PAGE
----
Donald Trump stepped up his campaign to return to the White House over the weekend as he launched a volley of insults at his main rival for the Republican nomination, who is now slipping in the polls.
Speaking in Waco, Texas, at his first rally of the year, Mr Trump made a series of digs at Ron DeSantis, the Florida governor. Ridiculing “Ron DeSanctimonious”, Mr Trump said: “I’m not a big fan. Florida has been tremendously successful for many years, long before this guy became governor.”
A Morning Consult poll last week showed that 26pc of Republicans would back Mr DeSantis in a hypothetical primary. It is his lowest rating since December 2022.
A Monmouth survey, which gave the Florida governor a 13-point lead three months ago, had him trailing by 14 points last week.
Mr DeSantis, who has not confirmed he is standing, poses the biggest threat to Mr Trump’s hopes of re-election.
His rival’s ratings were “dropping like a stone”, said Mr Trump.
Mr DeSantis has already been ridiculed as “Jeb DeSantis” by critics who are comparing him to Jeb Bush, the Republican “establishment” candidate whose campaign was crushed by the Trump juggernaut in 2016.
Mr Bush has already endorsed Mr DeSantis, who is expected in May to formally announce he is standing.
Nikki Haley, the former South Carolina governor who has declared her presidential candidacy, was spared Mr Trump’s wrath in Waco.
It was left to two of the former president’s acolytes in Congress, Marjorie Taylor Greene and Matt Gaetz, to pile in on Ms Haley, who served as Mr Trump’s ambassador to the United Nations.
“But we cannot go kicking and screaming around the globe, starting new wars behind every Middle Eastern sand dune as Nikki Haley would have us do,” Mr Gaetz said.
“So, Nikki Haley can keep clicking her heels,” he continued. “What we know is that President Donald Trump will bring America’s enemies to heel.”
Mr DeSantis is reportedly “recalibrating” his message to try to prevent his campaign from crumbling under the Trump onslaught. The governor is to visit New Hampshire – one of the key early primary states – next month, to attend a Republican fund-raiser.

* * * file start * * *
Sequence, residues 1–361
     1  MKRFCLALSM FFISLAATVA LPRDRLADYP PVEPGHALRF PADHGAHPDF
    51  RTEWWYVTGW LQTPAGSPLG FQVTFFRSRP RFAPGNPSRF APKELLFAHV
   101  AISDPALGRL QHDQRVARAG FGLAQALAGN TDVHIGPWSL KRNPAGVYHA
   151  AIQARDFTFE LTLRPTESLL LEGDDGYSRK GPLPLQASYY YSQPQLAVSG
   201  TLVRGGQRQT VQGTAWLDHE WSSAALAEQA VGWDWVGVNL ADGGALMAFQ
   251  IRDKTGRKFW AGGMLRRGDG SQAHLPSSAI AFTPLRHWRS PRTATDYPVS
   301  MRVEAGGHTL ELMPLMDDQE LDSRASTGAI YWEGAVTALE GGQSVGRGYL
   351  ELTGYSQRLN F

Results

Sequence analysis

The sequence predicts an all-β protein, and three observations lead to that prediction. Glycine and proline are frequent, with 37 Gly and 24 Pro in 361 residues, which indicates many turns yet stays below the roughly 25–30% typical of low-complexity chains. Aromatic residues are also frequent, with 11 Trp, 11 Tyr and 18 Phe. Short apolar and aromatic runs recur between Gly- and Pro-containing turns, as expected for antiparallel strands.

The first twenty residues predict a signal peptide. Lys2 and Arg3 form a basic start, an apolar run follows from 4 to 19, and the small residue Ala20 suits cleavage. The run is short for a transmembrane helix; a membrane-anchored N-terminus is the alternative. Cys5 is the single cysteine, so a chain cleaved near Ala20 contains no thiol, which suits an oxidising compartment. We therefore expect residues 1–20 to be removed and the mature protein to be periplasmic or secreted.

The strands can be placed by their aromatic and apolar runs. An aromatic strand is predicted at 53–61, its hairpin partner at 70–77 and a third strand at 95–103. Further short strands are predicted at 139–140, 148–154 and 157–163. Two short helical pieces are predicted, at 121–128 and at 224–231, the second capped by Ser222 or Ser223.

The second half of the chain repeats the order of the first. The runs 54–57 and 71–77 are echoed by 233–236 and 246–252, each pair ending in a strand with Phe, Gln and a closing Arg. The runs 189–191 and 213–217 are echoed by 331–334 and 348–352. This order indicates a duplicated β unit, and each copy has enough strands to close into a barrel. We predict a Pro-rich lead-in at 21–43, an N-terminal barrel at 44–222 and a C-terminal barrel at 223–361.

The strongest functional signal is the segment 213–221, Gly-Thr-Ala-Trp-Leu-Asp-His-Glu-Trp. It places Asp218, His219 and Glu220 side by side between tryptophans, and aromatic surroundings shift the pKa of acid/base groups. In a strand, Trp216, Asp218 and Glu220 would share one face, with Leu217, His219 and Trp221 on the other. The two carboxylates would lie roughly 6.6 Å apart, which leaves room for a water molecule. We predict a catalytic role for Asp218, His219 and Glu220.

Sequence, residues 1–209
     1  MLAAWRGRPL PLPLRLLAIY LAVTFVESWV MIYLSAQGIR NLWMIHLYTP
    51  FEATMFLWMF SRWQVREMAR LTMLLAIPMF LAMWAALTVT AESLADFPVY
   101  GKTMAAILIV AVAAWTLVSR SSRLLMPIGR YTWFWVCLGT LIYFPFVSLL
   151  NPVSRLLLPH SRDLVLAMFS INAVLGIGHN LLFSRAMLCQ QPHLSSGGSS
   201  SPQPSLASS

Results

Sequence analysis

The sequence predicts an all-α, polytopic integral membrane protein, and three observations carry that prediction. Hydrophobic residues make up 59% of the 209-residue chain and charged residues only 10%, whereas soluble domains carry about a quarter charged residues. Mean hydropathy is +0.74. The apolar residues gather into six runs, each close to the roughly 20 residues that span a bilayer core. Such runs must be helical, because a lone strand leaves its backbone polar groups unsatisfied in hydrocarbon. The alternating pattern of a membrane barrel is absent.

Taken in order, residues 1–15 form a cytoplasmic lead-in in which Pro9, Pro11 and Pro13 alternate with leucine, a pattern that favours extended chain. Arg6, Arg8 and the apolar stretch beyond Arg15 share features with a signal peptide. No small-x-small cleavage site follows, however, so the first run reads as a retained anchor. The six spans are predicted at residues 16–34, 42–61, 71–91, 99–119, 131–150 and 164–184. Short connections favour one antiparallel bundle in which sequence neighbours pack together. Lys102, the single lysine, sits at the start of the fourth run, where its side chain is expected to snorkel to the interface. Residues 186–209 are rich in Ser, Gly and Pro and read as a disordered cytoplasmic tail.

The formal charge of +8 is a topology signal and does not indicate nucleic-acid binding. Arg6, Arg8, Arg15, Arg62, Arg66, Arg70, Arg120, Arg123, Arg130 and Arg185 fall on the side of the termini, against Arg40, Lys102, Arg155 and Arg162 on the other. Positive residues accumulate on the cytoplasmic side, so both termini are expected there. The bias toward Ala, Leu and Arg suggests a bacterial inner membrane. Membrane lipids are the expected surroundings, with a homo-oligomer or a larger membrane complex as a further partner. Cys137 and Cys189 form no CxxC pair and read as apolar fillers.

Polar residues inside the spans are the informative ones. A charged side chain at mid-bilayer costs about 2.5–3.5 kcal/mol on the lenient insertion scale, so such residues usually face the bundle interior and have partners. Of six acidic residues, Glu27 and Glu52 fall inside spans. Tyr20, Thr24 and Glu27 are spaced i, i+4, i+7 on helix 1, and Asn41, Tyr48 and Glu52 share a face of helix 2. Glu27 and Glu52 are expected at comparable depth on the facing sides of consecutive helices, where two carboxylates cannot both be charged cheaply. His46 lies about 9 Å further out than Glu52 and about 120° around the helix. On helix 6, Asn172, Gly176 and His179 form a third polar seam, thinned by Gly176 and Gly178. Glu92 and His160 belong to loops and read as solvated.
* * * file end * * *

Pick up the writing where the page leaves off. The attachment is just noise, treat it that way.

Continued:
Mr Trump’s choice of Waco for his first rally of the year was controversial, after the city recently marked the 30th anniversary of the massacre in which 86 members of a religious cult died in a fire after a stand-off with authorities.
Critics said the choice represented dog-whistle politics, with white supremacists and militias claiming the clash between federal agents and the Branch Davidian sect in 1993 was proof of persecution by the “deep state”.
The rally capitalised on Mr Trump’s reportedly imminent arrest following an investigation by Alvin Bragg, the Manhattan district attorney, as supporters cheered and waved “witch hunt” signs, with the former president proclaiming himself the “most innocent man in American history”. The raft of investigations was like “something out of Stalinist Russia”, he added.
A Manhattan grand jury will reconvene today to consider whether money he paid to former pornographic actress Stormy Daniels broke US campaign finance laws.
Christopher Galdieri, a professor of politics at Saint Anselm College in New Hampshire, said: “I think the Republican establishment hasn’t figured what to do about Donald Trump.
“They could have voted to convict him in either impeachment trial and barred him from ever running for office again. They could have cut him loose after January 6. There are any number of things they could have done, but didn’t. So he remains a considerable figure in the party.